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In a victory for religious freedom, Texas Gov. Greg Abbott is preparing to sign a bill that will permit faith-based adoption agencies to refuse to place children into situations that violate their religious beliefs.
The Freedom to Serve Children Act: a victory for religious freedom
Texas House Bill 3859, also called “The Freedom to Serve Children Act” , is a landmark bill, among the first of its kind in the U.S. The bill will allow faith-based adoption agencies to refuse to place children into family situations that violate the agency’s religious tenants. A Jewish Adoption Agency, for example, may now refuse to place a jewish infant with a family who intends to raise the child as a Christian. Similarly, a Christian adoption agency may now refuse to place a child with an unmarried couple, or a gay couple.
Nearly a quarter of Texas’ adoption agencies are faith-based organizations
Nearly a quarter of Texas’ adoption agencies are faith-based organizations. Many have ceased placing children altogether due to fears of legal harassment by LGBT groups. The bill will provide protection for those agencies and permit them to resume adoption services within their faith-based communities.
Buckner International, for example, is an evangelical charity based in Dallas, Texas. The charity provides services to more than 1,000 Texas children every year. The group stopped providing adoption and foster care cases in 2015 because of the threat of lawsuits from LGBT groups. Buckner now plans to resume its adoption and foster care program after the bill is signed into law.
Under the new bill, adoption agencies and foster agencies will be permitted to refuse services if such services violate “the provider’s sincerely held religious beliefs.” Texas Representative James Frank, the bill’s author, notes that the bill does require adoption agencies, who refuse on religious grounds, to refer the parties to another agency.
Reaction to the bill predictably divided along party lines
Predictably, reaction to the bill has been sharply divided along party lines. Conservatives hail the bill as a victory for religious freedom. Liberals see the bill as state-sanctioned discrimination.
Headlines from liberal news media read like a preview of an apocalyptic disaster movie. Not surprisingly, most of the headlines omit the key point; that these are private faith-based organizations who have been threatened for years because of the exercise of their religious beliefs. Conservative and faith-based news sources, however, have made a point of explaining the bill’s intent and its applicable results:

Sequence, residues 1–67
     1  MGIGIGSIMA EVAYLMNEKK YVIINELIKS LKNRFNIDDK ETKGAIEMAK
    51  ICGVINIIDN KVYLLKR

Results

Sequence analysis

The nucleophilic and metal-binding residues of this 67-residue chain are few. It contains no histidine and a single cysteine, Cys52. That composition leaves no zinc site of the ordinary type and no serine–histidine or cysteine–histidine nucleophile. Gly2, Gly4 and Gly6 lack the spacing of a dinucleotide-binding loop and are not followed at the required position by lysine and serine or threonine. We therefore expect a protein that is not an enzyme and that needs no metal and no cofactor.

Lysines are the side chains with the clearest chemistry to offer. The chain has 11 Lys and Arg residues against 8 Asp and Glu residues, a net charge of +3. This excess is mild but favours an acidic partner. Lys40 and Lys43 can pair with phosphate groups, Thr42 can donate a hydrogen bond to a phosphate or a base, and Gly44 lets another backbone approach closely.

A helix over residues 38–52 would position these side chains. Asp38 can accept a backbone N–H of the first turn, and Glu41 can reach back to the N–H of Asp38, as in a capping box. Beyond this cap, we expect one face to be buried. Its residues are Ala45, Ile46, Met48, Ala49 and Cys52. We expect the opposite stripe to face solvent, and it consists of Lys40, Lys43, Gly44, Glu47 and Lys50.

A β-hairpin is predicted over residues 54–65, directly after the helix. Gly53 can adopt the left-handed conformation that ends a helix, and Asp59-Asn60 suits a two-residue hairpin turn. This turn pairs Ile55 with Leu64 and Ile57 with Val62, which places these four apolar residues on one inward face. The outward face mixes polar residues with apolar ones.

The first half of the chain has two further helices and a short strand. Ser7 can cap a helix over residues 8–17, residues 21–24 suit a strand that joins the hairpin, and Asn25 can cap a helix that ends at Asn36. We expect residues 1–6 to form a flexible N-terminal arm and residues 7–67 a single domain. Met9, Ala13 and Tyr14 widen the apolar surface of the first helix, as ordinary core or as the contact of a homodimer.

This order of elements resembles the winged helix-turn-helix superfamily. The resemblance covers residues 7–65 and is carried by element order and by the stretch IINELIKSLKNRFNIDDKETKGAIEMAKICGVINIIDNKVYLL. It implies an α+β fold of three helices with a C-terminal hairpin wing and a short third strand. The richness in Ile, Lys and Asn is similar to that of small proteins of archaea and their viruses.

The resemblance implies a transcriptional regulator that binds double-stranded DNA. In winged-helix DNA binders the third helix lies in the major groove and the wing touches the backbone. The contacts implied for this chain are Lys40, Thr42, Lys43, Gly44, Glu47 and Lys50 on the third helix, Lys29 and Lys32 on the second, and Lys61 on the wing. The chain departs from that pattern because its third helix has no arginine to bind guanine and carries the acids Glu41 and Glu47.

Showing broad (i.e. purposefully misleading) headline
“Texas House OKs bill letting adoption groups deny non-Christians”
“Texas bill allows adoptions to be rejected on religious grounds”
“Texas Senate Approves ‘Religious Refusal’ Adoption Measure”
Showing important key-word in headline
The Daily Signal:
“Bill Protecting Faith-Based Adoption Agencies in Texas on Way to Governor’s Desk”
Catholic News Agency:
“Stronger religious freedoms in Texas could boost Catholic foster care”
“Texas adoption law could push Christian agencies to resume activities”
The Facts: HB 3859 protects everyone, not simply Christians
House Bill 3859 protects faith-based private agencies from violating their sincerely-held beliefs. The bill does NOT dictate which beliefs are acceptable and which are not.
The bill, for example, would protect both a Christian-based adoption charity in San Antonio, and a LGBT-based foster organization in Houston. Under the bill, neither can be forced to violate their sincerely-held beliefs when placing a child.
“If you have an LGBT agency they’re going to pick an LGBT family, and if you have a Baptist agency they may be more likely to pick a Baptist family. They’re free to do that and should be free to do that.” – Rep James Frank, HB 3859 author
The bill’s author, Rep James Frank, noted this dual-protection, “We want to make reasonable accommodations so everyone can participate in the system.” Frank also noted that the adoption industry is a free-market industry. Couples are free to find an agency willing to work with them and to accommodate their particular faith. Where the welfare of children is concerned, Frank noted, it’s a very personal choice.
“My guess is if you have an LGBT agency they’re going to pick an LGBT family, and if you have a Baptist agency they may be more likely to pick a Baptist family,” Frank said. “They’re free to do that and should be free to do that.”
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Keywords: adoption agencies, James Frank, religious beliefs, religious freedom, Texas.